As the hardest material known to man, diamond is often used in tools to cut glass. But, research scientists at China's Yanshan University have developed a new type of glass that can actually scratch a diamond.

This new high-tech glass — tentatively named AM-III — rated 113 gigapascals (GPa) in the Vickers hardness test, compared to natural diamonds, which typically score in the 70-to-100 GPa range.

So, how hard is this new material exactly? Researchers say it is 10 times harder than steel and 20 to 100 times tougher than most bulletproof windows.

The researchers were also clear to point out that the new material — while amazingly hard — is not terribly attractive. The yellowish material is not suitable for jewelry applications.

It does have excellent semiconductor qualities, however, so it will likely show up in photovoltaic applications, solar panels and electronics, as well as bulletproof glass and protective phone cases. The material is not yet transparent enough to be used as phone screens.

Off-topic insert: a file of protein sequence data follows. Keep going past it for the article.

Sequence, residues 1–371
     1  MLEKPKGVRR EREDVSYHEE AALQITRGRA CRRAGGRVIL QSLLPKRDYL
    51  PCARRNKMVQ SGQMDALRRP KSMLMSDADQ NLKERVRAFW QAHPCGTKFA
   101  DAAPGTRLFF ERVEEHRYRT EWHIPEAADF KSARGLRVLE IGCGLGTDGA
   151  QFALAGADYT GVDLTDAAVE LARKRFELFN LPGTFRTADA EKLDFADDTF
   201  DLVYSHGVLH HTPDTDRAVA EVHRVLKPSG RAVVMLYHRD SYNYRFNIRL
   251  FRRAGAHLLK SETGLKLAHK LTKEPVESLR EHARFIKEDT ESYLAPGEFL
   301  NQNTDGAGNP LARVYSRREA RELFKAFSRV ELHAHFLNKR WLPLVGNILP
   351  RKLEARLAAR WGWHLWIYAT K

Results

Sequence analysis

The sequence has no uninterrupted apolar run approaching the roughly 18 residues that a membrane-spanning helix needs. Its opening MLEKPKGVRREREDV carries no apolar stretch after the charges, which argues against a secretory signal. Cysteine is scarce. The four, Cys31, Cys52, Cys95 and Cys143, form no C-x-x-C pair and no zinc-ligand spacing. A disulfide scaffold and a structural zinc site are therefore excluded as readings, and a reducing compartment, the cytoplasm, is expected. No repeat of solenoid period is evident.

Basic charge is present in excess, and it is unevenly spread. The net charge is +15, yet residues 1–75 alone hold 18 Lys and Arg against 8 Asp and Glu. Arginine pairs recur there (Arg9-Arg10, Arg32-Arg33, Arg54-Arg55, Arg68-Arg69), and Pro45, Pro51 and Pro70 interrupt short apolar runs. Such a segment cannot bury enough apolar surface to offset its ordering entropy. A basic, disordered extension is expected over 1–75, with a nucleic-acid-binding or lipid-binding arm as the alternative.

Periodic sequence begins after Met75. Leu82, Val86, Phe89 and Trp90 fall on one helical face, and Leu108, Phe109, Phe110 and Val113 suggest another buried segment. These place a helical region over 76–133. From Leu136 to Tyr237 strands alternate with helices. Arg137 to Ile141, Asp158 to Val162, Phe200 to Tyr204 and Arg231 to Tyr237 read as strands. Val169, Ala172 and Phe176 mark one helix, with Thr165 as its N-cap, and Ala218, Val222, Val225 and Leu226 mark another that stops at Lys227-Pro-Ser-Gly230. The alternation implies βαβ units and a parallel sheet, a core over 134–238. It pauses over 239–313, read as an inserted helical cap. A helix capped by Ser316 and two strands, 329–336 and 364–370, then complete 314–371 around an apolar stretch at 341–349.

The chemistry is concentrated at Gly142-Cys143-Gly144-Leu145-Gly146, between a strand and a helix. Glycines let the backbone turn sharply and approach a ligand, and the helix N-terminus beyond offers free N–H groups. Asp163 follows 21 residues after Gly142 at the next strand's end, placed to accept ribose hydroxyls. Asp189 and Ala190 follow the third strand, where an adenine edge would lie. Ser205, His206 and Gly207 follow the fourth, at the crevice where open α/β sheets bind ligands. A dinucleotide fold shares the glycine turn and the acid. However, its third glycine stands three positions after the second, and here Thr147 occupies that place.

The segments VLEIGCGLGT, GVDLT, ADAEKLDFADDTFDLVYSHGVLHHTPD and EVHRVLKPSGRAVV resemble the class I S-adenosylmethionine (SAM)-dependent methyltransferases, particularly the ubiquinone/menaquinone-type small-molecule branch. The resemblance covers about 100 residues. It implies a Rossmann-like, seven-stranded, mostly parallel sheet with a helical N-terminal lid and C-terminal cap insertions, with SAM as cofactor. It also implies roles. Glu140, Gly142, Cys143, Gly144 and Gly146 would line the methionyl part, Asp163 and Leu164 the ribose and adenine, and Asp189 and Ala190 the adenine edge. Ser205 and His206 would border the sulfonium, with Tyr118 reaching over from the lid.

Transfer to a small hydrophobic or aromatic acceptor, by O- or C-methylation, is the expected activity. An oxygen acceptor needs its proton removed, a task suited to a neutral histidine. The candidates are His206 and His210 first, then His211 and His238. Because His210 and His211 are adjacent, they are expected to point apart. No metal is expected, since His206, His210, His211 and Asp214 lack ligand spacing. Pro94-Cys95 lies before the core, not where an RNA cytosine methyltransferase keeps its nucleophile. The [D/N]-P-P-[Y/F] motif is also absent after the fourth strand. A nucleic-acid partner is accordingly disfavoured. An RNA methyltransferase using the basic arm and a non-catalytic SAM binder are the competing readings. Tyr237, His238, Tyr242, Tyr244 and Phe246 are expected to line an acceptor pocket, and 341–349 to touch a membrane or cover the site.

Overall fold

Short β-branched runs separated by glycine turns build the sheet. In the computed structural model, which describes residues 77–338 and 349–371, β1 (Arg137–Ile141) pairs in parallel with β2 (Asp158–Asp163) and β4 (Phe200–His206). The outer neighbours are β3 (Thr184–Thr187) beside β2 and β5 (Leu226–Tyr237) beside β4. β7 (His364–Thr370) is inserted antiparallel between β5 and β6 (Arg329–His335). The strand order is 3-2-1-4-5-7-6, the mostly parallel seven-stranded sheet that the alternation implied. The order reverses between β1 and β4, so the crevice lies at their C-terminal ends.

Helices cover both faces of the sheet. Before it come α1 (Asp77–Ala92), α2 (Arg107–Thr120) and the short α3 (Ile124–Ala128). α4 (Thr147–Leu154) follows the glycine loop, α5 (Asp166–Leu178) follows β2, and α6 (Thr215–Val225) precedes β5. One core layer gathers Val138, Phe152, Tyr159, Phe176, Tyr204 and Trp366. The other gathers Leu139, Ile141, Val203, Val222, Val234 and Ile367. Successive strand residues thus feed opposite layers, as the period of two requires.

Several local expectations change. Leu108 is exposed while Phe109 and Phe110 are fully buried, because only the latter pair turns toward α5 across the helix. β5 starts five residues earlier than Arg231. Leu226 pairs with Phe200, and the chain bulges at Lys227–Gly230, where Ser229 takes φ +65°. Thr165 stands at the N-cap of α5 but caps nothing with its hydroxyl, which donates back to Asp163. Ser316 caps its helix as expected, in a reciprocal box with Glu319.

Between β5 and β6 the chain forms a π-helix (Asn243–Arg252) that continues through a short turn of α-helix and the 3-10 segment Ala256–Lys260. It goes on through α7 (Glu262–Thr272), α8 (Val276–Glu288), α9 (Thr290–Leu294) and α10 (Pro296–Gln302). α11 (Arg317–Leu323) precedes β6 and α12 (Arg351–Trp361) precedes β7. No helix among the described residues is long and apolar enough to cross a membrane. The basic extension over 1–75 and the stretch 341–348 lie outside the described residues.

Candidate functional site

As described in the journal National Science Review, the researchers started off with a material called fullerene, which is rich in carbon atoms. They subjected the material to 25 GPa of pressure and 1,200 degrees Celsius (2,192 degrees Fahrenheit). Normally, carbon exposed to that type of pressure and heat may have transformed into a diamond. But, the scientists were careful to reach those conditions gradually over the course of 12 hours. They also allowed the material to cool for another 12 hours.

Instead of the carbon organizing itself in an orderly crystal lattice (producing a diamond), the new material became a chaotic mix of crystal and amorphous structures (super-strong glass).

“Comprehensive mechanical tests demonstrate that the synthesized AM-III carbon is the hardest and strongest amorphous material known so far, which can scratch diamond crystal and approach its strength," noted the authors of the study. "The produced AM carbon materials combine outstanding mechanical and electronic properties, and may potentially be used in photovoltaic applications that require ultrahigh strength and wear resistance.”

Credit: Diamond image by Gemsparkdiamonds, CC BY-SA 4.0, via Wikimedia Commons.

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